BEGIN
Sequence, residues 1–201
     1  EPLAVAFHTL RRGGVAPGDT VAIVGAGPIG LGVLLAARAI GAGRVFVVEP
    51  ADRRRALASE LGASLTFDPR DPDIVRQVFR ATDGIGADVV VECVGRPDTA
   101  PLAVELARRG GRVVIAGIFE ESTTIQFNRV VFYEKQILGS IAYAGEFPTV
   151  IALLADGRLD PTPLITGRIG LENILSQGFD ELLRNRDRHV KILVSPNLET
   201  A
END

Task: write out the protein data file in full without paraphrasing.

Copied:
Sequence, residues 1–201
     1  EPLAVAFHTL RRGGVAPGDT VAIVGAGPIG LGVLLAARAI GAGRVFVVEP
    51  ADRRRALASE LGASLTFDPR DPDIVRQVFR ATDGIGADVV VECVGRPDTA
   101  PLAVELARRG GRVVIAGIFE ESTTIQFNRV VFYEKQILGS IAYAGEFPTV
   151  IALLADGRLD PTPLITGRIG LENILSQGFD ELLRNRDRHV KILVSPNLET
   201  A